Looking at things from this side of the Atlantic, it is easy to think of Europe as a single, united entity. Seen up close it’s not so clear. National identity keeps getting in the way.

French, German, Italian, Polish, and so on—those ancient identities still matter to many people. As arguably they should.

National identity bestows a sense of rootedness and continuity that the new European institutions apparently haven’t been able to supply up to now. A case in point: last year’s Brexit vote in Great Britain, shocking to the pundits, which took the country out of the European Union (or, more precisely, set that process in motion). Being English, it seems, still counts for more with the English than being European does.

Religious identity is also part of the equation—today, a disputed one. This relationship once seemed overwhelmingly clear to someone like the Catholic apologist Hilaire Belloc, who famously wrote:  “Europe will return to the Faith, or she will perish. The Faith is Europe, and Europe is the Faith.”

Today’s secularized Europeans obviously aren’t buying that. Yet if they’re honest, many would agree that it’s a species of historical blindness to ignore the role played by Christianity in shaping Europe—both the Europe of the nations and Europe as a whole—not only in the past but also now.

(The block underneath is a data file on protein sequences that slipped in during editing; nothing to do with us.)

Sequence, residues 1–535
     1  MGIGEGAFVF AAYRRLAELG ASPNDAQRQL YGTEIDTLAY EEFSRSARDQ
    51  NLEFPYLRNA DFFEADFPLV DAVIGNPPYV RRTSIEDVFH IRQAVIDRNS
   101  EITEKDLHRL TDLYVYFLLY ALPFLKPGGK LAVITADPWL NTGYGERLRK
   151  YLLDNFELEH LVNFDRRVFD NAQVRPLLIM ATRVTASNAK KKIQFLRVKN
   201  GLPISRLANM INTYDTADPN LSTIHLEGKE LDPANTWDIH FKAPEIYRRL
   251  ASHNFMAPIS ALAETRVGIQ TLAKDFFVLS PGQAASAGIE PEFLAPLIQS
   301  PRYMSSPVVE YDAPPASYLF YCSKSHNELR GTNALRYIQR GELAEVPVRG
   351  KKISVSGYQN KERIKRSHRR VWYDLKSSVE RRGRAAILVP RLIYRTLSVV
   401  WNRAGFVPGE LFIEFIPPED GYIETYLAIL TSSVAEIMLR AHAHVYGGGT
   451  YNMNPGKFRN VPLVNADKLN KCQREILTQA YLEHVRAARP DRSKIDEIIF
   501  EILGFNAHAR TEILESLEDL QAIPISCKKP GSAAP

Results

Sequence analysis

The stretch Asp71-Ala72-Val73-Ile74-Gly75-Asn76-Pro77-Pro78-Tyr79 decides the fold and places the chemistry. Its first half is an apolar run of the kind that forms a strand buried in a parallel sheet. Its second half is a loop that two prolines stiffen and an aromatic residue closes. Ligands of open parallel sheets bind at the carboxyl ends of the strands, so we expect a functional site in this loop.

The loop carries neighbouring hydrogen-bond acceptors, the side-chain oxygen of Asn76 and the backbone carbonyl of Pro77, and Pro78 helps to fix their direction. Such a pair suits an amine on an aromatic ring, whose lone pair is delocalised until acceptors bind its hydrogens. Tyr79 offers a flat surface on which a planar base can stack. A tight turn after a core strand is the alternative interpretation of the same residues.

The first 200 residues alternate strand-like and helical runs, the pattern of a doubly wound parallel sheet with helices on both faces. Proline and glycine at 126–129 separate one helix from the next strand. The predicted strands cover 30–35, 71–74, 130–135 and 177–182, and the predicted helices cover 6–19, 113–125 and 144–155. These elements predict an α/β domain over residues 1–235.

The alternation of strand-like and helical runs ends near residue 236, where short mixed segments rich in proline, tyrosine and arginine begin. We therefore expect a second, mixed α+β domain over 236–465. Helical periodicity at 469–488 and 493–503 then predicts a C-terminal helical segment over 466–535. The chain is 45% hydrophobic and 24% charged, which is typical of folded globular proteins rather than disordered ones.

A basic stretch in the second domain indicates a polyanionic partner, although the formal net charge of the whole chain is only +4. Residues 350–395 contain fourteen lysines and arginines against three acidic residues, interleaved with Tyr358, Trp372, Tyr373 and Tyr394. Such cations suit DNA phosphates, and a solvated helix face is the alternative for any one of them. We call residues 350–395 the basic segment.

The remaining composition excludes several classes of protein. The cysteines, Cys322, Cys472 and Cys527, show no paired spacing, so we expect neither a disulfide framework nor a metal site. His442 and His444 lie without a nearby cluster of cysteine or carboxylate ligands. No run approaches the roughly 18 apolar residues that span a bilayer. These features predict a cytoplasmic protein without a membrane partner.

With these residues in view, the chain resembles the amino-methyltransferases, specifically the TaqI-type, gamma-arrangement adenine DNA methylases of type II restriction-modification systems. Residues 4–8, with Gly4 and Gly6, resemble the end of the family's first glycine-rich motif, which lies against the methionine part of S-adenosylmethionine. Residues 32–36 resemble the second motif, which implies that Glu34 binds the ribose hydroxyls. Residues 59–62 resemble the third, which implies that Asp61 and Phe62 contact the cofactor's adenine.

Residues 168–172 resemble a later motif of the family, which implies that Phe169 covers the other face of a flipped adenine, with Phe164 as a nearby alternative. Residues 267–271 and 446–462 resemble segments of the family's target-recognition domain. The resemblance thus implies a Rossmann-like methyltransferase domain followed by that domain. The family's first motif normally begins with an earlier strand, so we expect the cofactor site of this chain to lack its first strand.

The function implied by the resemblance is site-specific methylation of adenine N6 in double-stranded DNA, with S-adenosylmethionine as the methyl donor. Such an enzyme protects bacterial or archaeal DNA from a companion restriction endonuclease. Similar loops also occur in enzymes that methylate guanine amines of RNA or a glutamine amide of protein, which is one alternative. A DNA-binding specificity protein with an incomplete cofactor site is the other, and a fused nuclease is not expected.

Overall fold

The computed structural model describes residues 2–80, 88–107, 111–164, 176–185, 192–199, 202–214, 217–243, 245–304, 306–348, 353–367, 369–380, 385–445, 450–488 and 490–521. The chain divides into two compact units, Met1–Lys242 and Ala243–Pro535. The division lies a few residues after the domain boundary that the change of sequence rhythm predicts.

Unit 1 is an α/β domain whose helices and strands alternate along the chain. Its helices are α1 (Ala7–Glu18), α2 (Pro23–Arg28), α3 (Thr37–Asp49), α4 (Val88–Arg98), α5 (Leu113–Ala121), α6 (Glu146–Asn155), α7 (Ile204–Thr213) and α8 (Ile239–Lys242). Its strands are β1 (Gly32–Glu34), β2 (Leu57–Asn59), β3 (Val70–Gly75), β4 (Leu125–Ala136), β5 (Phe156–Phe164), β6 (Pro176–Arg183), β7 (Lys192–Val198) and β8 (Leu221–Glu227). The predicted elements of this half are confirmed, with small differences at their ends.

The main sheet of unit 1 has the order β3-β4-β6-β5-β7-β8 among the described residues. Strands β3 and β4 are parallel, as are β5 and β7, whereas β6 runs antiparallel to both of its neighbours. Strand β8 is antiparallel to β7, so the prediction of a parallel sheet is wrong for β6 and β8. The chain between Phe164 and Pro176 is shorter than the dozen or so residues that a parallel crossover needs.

Yet ignore it some do. An institution that opened its doors in Brussels last spring stands as a kind of monument to that.

It’s called the House of European History. Situated in a former dental museum close to the European parliament (of which it’s a project) and other European institutions, the House of European History offers an account of Europe described by one writer as “both typically modern and emphatically French and socialist.”

Here, reports Arnold Huijgen, writing at Acton Institute online, “the French Revolution seems to be the birthplace of Europe; and there is little  room for anything that may have preceded it.” In this narrative, the European Union itself is “the high point of European history,” he notes.

But, says Huijgen, a professor at a Reformed Church theological school in The Netherlands, what’s most striking about the House of European History’s vision of European history is that “religion does not exist….No longer is European secularism fighting the Christian religion; it simply ignores every religious aspect in life altogether.”

This is hardly new. On the contrary, it’s been taking shape for many years. The erasure of religion from a museum of European history reminds me of a telling observation by Dietrich Bonhoeffer, the Lutheran theologian whom the Nazis executed shortly before the end of the war for his involvement in a plot against Hitler.

In his unfinished, fragmentary, powerful Ethics, he identified the “new unity” introduced into Europe by the French Revolution in place of the old Christian unity shattered by the events surrounding the Reformation as a unity in “western godlessness.”

“It is not the theoretical denial of the existence of a God. It is itself a religion, a religion of hostility to God,” Bonhoeffer wrote, adding that this modern godlessness “ranges from the religion of Bolshevism to the midst of the Christian churches.”

No more can secular Europe ignore the formative role of religion than it can ignore the national identities within it. Pope Francis speaks of Europe as having a “spiritual patrimony” that needs communicating to Europeans themselves with “passion and a renewed freshness.” He was right. But where is that happening now? Not in Brussels, unfortunately